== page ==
How it started?
On March 27, 2001, Thomas Friedman wrote a column in the style of a ‘mock memo’ entitled Bush’s First Memo. In this ‘mock memo’ Thomas Friedman writes in the name of U.S. President George W. Bush a memo to Palestinian President Yasir Arafat.
This ‘mock memo’ — Thomas Friedman had published a number of them in the New York Times, for example, a ‘mock memo’ he wished Secretary of State Colin Powell would have sent to President George W. Bush was published on February 20, 2001 — triggered me to write to the New York Times’ Readers Opinions in the the ‘mock memo’ style that Friedman himself liked to use and offered Nelson Mandela responding to Friedman’s Bush’s First Memo to Arafat.
Since Thomas Friedman tells his readers that Palestinians should forget about 1948 and forget about returning to their homes, I wanted to show that current policies against Palestinians resemble an apartheid-like situation. Since Nelson Mandela has become the personification of the struggle against apartheid, I thought a ‘mock memo’ including Mandela was the logical thing to do. I could also have taken Steven Biko who has said that “the most potential weapon in the hands of the oppressor is the mind of the oppressed” or Oliver Tambo or others anti-apartheid activists.
On 27 March 2001, after reading Friedman’s ‘mock memo’ I wrote a letter entitled Mandela’s first memo to Thomas Friedman to the op-ed editor of The New York Times and I posted the memo on the Thomas Friedman Discussion Board of the New York Times, hoping that Thomas Friedman would read it and that the New York Times would publish it. However, after two days, I came to the conclusion that the New York Times would not dare publishing this piece and I sent it on March 30, 2001 to Media Monitors, “a Platform for Serious Media Contributors”, an online daily.
Soon, however, I found the ‘mock memo’ I wrote and which clearly indicated that I wrote it, on various listservers and websites but without the byline mentioning that it was in fact written by me.
The main purpose of the Mandela-memo was to respond in a satirical way to Thomas Friedman using the exact same style and even phrases he uses in his columns. Obviously, the ‘mock memo’ had been forwarded to several e-mail lists containing the memo, which originally included the title “Mandela’s First Memo to Thomas Friedman” and a byline “by Arjan El Fassed”, but eventually was forwarded without my name and sometimes without title.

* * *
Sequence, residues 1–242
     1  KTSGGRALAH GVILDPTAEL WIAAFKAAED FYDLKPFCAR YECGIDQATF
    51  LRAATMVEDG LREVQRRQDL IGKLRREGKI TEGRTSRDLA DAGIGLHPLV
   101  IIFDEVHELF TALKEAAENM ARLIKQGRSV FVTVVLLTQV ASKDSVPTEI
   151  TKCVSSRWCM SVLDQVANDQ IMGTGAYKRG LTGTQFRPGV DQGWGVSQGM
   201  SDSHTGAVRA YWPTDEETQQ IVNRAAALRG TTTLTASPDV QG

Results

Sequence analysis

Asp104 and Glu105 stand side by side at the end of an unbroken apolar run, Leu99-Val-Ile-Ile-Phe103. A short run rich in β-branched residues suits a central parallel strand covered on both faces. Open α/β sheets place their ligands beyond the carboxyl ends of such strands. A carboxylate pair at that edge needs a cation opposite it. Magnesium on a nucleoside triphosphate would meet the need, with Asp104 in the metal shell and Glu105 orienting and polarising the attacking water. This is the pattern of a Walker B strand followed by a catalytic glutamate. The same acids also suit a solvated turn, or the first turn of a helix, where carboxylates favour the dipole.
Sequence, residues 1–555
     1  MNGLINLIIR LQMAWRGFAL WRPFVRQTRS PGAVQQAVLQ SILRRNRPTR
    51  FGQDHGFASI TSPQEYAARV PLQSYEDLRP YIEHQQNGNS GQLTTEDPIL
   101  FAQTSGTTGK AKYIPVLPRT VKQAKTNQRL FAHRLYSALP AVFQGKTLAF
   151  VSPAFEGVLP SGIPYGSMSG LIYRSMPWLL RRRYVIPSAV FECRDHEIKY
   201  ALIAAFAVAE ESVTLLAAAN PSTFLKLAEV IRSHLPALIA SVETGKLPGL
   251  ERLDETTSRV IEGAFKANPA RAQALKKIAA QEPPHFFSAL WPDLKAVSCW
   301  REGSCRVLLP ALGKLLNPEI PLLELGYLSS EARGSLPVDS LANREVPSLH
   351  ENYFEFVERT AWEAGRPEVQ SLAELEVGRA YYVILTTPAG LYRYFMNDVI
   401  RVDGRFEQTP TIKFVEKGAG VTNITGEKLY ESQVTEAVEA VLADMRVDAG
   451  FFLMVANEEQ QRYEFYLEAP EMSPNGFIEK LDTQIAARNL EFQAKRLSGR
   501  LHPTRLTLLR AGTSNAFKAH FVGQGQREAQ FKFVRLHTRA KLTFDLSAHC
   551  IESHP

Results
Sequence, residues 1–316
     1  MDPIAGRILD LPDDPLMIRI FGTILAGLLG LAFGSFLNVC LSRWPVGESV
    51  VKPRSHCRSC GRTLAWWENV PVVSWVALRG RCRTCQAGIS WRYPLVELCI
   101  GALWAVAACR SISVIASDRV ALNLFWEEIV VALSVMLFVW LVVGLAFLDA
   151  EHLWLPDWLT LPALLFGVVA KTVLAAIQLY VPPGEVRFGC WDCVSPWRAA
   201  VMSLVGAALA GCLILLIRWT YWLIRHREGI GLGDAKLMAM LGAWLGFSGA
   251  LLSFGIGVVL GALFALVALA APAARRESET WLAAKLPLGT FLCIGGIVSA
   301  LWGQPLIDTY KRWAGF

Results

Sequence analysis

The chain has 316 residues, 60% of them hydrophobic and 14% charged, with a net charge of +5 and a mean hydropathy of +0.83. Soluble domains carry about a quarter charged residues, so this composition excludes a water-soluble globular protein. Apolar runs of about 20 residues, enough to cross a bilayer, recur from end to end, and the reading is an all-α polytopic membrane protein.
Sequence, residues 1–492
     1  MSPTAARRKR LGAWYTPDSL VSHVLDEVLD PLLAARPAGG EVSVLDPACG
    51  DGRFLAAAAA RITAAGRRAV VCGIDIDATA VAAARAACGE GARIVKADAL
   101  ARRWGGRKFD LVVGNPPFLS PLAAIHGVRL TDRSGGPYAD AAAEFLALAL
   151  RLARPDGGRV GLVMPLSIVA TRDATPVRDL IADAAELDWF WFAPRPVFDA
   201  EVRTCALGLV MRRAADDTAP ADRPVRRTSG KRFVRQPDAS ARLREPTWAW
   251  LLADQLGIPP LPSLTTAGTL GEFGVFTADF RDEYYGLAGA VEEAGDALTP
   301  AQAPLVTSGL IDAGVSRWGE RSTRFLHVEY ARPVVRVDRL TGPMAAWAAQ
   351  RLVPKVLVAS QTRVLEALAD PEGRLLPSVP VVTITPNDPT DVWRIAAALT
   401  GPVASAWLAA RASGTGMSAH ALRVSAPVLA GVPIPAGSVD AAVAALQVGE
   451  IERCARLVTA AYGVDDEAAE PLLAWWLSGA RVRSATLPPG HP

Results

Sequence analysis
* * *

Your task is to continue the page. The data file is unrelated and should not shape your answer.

I posted the ‘mock memo’ myself on 30 March on an mailinglist of Al-Awda. Despite this, I’ve seen it several times being posted on the same list, something that gives you an idea of the lack of attention many people give to material they forward. In various posts I read, the subject title was changed for example, “Mandela supports…”, “must read”, etc. Perhaps it was wishful thinking. If Nelson Mandela would seriously have written to the New York Times, wouldn’t the New York Times just publish it? Moreover, I believe Nelson Mandela has better things to do then responding to columns written by Thomas Friedman.
How things got worse
On April 24, 2001, Akiva Eldar, chief political columnist and editorial writer for the Israeli national daily Ha’aretz wrote in his Strong Quote from Mandela that the Palestinian daily Al Quds published a letter that Nelson Mandela sent to New York Times columnist Thomas Friedman, in response to a March 27 Frideman column, dubbed “Memo to President Bush.”
Immediately, I wrote a letter to Ha’aretz explaining what happened. Most probably, someone translated the memo (without byline) into Arabic and which was taken up by the Palestinian daily and printed on April 16, 2001, however, without verifying the source. The editor of Al Quds, Marwan Abu Zalaf, said that he had no idea it was a fake, and that one of his reporters found it on the Internet.
On Friday, April 18, the Lebanese daily As-Safir re-published the ‘mock memo’ in Arabic based on the article as printed by the Palestinian daily Al-Quds. On Monday, April 21, The Daily Star had an op-ed entitled “Sharon: Why does the world ignore me?” and at the top of the ‘memo’, they had the following boxed introduction: